Thursday, March 14, 2013

A National Saint

Joan of Arc's Death at the Stake (1843) by the German Romantic painter Hermann Anton Stilke (1803-1860). Stilke was a member of the very religious Nazarene movement and depicted here Joan of Arc in the style of a religious saint painting. To emphasize this intention the painting was part of a bigger Joan of Arc Triptych.


  1. I don't suppose there was anything saintly or uplifting about throwing a young teenage girl onto a bonfire. It must have been dirty, smelly, painful and cruel.

    So the German Romantics had to make some sense out of this French-English debacle. Where was this painting hung, do we know? Who was the audience?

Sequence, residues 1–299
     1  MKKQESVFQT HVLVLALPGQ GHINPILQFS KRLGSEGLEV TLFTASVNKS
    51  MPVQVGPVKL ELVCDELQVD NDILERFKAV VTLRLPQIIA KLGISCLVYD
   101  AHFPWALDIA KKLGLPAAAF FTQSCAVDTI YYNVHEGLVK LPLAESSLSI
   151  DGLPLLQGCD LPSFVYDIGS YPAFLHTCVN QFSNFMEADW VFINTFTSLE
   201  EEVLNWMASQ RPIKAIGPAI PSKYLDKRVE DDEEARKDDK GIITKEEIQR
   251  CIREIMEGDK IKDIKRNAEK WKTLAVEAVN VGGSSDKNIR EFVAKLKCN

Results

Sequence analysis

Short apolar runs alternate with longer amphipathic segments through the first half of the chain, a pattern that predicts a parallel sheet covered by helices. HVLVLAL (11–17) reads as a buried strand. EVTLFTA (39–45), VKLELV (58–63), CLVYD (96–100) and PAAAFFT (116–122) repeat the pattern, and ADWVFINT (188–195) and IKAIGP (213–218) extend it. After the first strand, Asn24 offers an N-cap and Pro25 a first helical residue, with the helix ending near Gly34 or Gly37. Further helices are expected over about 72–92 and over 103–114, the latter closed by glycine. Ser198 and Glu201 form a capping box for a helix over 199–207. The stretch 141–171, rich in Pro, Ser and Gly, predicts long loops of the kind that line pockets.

2. Sorry Hels, as much as I normally appreciate your comments, here you are totally wrong.

    Though I share your opinion about burning girls at the stake, it's a Catholic painting. And a good Catholic has a strange relation to martyrs and torture. Without exaggeration, I've seen paintings in Roman Catholic churches, compared to which poor Stilkes artwork is something for children. Skinning, boiling, grilling and all alive. Sometimes it looks like the more cruel the death the more important the martyr.